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Italian government accused of using defamation law to silence intellectuals

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The government of Giorgia Meloni is making strategic use of defamation suits to silence public intellectuals, a philosopher who is being sued by the Italian prime minister’s brother-in-law has claimed.

In the latest of a series of lawsuits drawing on Italy’s comparatively harsh defamation laws, Donatella Di Cesare of Sapienza University in Rome will appear at a criminal court in the Italian capital on 15 May, after a complaint by the agriculture minister, Francesco Lollobrigida, over comments she made comparing one of his speeches to Hitler’s Mein Kampf.

Lollobrigida, who is married to Meloni’s sister and considered one of the PM’s closest allies, sparked controversy in April 2023 when at a trade union conference he called on the country not to “surrender to the idea of ethnic replacement”, which he described as “Italians are having fewer children, we replace them with someone else”.

The trial centres on comments Di Cesare made the same day on the talkshow DiMartedì in which she perceived there to be white supremacist connotations in the term “ethnic replacement”, saying it could be found in the pages of Mein Kampf and in National Socialist ideology.

The philosopher, who has written books on continuities between Nazi thinking and modern-day conspiracy theories, said Lollobrigida spoke “like a gauleiter”, a regional leader of Hitler’s party.

In his criminal complaint, Lollobrigida said Di Cesare had portrayed him as “a Nazi who glorifies concentration camps and espouses extermination camps as a solution to immigration issues”, which was “not only defamatory but also shameful”.

“I fail to understand how my words could even remotely be likened to Adolf Hitler’s Mein Kampf,” the minister said. Di Cesare’s remarks, he continued, were “solely aimed at destroying a person and smearing both myself and my associates”.

Donatella Di Cesare: ‘Those who draw attention to the movement’s fascist roots are being punished.’ Photograph: Simona Granati/Corbis/Getty Images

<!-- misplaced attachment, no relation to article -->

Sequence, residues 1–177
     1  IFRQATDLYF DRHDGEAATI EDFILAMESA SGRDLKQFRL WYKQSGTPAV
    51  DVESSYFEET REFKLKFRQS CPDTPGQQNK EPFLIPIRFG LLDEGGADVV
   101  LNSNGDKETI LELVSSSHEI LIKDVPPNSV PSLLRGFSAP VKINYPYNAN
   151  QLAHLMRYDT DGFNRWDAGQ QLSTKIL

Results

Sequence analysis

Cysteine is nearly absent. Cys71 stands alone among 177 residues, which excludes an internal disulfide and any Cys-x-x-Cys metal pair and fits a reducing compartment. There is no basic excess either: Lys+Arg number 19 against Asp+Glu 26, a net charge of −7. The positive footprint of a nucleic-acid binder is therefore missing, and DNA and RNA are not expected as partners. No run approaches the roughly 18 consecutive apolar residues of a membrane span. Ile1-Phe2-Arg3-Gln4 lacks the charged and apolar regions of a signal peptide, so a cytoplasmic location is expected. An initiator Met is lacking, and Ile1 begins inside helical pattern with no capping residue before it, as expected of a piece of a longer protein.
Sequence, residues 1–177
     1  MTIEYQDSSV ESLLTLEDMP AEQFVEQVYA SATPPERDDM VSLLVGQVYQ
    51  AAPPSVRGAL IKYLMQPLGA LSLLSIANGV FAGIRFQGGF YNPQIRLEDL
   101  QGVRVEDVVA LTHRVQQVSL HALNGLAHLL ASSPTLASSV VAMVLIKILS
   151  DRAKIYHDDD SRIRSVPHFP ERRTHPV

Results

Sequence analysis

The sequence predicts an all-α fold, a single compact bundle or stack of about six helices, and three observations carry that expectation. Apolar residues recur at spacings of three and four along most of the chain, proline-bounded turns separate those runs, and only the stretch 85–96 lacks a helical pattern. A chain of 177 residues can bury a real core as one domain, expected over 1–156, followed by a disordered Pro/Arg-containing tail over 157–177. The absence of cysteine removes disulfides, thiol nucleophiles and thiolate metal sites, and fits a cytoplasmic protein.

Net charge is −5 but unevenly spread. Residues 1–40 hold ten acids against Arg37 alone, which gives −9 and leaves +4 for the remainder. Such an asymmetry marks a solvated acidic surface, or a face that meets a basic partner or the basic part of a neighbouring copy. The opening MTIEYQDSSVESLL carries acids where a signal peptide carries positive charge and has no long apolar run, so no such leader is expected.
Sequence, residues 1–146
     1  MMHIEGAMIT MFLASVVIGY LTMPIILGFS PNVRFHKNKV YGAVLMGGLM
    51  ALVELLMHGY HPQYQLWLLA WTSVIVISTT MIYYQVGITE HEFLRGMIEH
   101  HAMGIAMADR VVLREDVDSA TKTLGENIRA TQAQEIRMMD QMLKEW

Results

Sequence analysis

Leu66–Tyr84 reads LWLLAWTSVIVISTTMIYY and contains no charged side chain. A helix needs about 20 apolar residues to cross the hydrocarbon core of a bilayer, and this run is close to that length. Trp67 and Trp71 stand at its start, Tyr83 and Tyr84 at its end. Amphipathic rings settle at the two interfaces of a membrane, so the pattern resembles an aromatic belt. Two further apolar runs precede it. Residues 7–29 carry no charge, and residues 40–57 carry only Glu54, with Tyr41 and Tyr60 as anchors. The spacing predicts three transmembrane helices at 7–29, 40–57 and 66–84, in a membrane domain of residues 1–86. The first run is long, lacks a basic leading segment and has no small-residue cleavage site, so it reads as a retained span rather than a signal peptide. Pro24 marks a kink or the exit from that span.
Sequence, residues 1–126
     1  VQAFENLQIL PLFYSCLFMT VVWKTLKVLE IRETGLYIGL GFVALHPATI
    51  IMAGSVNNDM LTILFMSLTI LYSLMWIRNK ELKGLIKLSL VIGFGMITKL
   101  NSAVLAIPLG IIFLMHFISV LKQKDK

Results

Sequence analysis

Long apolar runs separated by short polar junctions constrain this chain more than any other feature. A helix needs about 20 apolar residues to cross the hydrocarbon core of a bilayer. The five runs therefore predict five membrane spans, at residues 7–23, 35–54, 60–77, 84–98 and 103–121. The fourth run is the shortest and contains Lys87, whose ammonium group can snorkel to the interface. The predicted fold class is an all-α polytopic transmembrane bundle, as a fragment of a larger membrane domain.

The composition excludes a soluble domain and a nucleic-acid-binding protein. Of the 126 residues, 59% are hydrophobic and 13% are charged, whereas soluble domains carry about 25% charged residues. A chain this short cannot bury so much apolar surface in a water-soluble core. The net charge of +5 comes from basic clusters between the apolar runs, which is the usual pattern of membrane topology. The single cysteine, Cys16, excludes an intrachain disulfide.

Di Cesare, 67, said her comments were not intended as a slur but as political criticism. “I said Lollobrigida spoke like a gauleiter, not that he was one,” she told the Guardian. “What we are seeing here is legal proceedings against a historical comparison.”

She said she believed the legal proceedings were part of a political strategy. “The aim of defamation trials like mine is not just to intimidate, but to push leftwing intellectuals outside the public discourse,” she said. “Meloni has been very keen to lend the post-fascist movement a new, more acceptable face. Those who draw attention to the movement’s fascist roots are being punished.”

Meloni and Lollobrigida did not reply to requests to comment for this article.

Defamation in Italy can be tried at civil or criminal courts. At the latter, the crime of aggravated defamation can be found punishable by six years in jail, the harshest sentence of this type in the EU after Slovakia, where it can lead to seven-year jail sentences.

A court hearing in Rome on 15 May will decide whether Di Cesare’s case will be settled at a civil court or criminal trial.

During Meloni’s first year in power in Italy, Europe’s highest number of strategic lawsuits against public participation – so-called Slapp cases – were brought in the country, according to a recent study by the European parliament’s committee on civil liberties, justice and home affairs (LIBE).

In parallel to the suit against Di Cesare, the classicist historian Luciano Canfora, 81, is facing an aggravated defamation trial in Bari, Puglia. In April 2022, before Meloni was appointed prime minister, Canfora described the politician as “a neo-Nazi at heart”, which Meloni’s complaint said was “apt to distort and falsify her political identity”.